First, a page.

The Cosmic Script – Sacred Geometry in the Science of Arabic Penmanship

Two-volume book set is the first comprehensive exploration of the ‘Proportioned Script’, an Arabic writing system attributed to the Abbasid wazir (minister) Ibn Muqla and the master scribe Ibn al-Bawwāb that has dominated the art of Arabic and Islamic penmanship from the 10th-century to the present day. A remarkable work of original scholarship that ranges across multiple disciplines – history, literature, philosophy, theology, sacred geometry and calligraphy, Drs Moustafa and Sperl have succeeded in unearthing the very foundations of Arabic penmanship, with implications for the arts of Islam as a whole.


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The Cosmic Script
Sacred Geometry and the Science of Arabic Penmanship

Ahmed Moustafa and Stefan Sperl

This monumental work offers a comprehensive and convincing new account of the geometry of the Arabic script, accomplishing in the process a revolution at the intersection of art, mathematics and spirituality. It is essential reading for anyone interested in Islamic art, calligraphy and the beauty of geometry.

– Carl W. Ernst, Kenan Distinguished Professor,
University of North Carolina at Chapel Hil

A landmark publication in the study of Islamic calligraphy, exploring more deeply than ever before the historical and cultural roots of this quintessential Islamic artform

Calligraphy is the central visual art of Islam. At its core resides a perennial challenge: What letter shapes traced by human hands are rightful bearers of the divine message? The answer lies in the “Proportioned Script,” an Arabic writing system codified by Ibn Muqla, minister under the great Abbasid Caliphate in 10th-century Baghdad, and refined by the 11th-century master scribe Ibn al-Bawwāb.

Emphasizing harmony and geometry, the system they designed has governed the practice of Arabic scribal art up to the present day. In this two-volume, richly illustrated study, Ahmed Moustafa and Stefan Sperl analyze each letter form of Ibn Muqla’s perfected penmanship and share their decades of research on Islamic letter shapes, revealing the history, linguistics, philosophy, theology, and sacred geometry that underlie this spiritual art form.

Volume One, Sources and Principles of the Geometry of Letters, traces the origin of the Proportioned Script, revealing the foundational trilogy of prophecy, penmanship, and geometry. Providing a fully illustrated analysis of Islamic calligraphy’s geometrical principles as transmitted in surviving writings and key manuscript sources, they examine the geometric grid of square, circle, and hexagon that informs the pen strokes of each letter shape and explore how the golden ratio appears within the matrix of the grid. They examine the development of Ibn Muqla’s system in the context of the sciences, arts, and penmanship of 10th-century Baghdad and trace its origins to the cross-cultural encounter between Greek learning and the scientific, artistic, and philosophical pursuits of classical Islam.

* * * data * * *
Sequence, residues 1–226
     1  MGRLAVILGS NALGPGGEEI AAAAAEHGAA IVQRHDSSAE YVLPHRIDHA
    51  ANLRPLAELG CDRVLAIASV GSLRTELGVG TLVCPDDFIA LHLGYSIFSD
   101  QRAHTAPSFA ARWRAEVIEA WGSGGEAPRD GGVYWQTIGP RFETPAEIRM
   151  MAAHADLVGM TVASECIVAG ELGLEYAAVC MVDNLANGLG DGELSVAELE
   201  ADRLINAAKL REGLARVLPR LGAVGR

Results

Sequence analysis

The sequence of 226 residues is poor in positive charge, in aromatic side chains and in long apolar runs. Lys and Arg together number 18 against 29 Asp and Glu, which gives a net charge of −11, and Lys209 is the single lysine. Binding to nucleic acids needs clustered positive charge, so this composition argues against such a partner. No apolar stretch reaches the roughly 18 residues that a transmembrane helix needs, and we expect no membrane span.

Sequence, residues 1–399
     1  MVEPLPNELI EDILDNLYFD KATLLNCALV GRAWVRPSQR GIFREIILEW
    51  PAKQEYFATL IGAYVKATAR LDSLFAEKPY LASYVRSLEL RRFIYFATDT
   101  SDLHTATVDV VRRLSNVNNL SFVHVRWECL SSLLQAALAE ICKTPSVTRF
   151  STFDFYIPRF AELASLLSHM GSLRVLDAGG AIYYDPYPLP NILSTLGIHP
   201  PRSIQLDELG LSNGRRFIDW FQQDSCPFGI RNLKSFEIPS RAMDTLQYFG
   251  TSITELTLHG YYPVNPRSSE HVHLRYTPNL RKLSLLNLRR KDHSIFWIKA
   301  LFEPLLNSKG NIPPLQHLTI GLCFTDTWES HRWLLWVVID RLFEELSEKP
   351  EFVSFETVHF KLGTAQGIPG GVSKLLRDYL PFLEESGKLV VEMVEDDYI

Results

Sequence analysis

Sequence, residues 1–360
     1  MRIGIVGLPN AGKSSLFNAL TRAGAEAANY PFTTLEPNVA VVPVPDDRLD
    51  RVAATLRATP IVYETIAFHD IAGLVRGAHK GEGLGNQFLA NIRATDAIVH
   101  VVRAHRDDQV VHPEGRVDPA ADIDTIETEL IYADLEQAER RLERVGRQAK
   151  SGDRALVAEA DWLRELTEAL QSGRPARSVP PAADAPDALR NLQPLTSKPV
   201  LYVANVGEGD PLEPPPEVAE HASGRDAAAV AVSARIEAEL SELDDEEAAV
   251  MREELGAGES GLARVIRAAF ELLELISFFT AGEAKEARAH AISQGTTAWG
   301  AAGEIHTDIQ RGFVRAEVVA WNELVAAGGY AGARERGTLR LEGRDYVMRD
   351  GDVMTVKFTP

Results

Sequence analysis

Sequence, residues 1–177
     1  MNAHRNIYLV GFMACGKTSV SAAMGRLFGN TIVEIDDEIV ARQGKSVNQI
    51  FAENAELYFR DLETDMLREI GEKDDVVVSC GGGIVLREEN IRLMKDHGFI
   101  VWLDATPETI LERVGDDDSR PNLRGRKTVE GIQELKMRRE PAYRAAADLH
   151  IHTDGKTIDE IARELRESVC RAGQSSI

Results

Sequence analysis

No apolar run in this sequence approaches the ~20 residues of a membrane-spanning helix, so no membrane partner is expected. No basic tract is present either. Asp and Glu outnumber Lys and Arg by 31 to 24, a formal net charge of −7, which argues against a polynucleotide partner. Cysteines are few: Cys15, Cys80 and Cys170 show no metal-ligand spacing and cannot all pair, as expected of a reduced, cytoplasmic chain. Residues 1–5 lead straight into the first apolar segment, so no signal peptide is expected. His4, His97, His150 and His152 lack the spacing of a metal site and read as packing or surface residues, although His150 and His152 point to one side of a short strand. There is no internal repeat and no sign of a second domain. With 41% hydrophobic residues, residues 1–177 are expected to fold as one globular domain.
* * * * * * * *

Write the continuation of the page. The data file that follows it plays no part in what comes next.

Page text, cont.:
In Volume Two, From Geometric Pattern to Living Form, the authors construct each of the letter shapes on the grid module and compare their findings to samples traced by two classical master scribes. They conclude by examining the religious, aesthetic and cosmological significance of the Proportioned Script in the wider context of the Islamic cultural heritage.

Unearthing the theoretical and scientific foundations of Arabic calligraphy, this unique study examines the aesthetic implications of Ibn Muqla’s theory for the visual, verbal, and aural arts of Islam as well as the Islamic mystical tradition.

Dr Ahmed Moustafa is an acclaimed artist and scholar in the art of Islam who has also studied Western art. Numerous of his works have been acquired by major museum and private collections worldwide, including the British Museum and the Ashmolean Museum in Oxford. He has also lectured widely on the subject of Arabic penmanship.

Dr Stefan Sperl is Senior Lecturer in Arabic at the London School of Oriental and African Studies. He has studied Arabic in Oxford, Cairo and London. His published work covers aspects of classical Arabic literature, Islamic Studies and Middle Eastern Studies.

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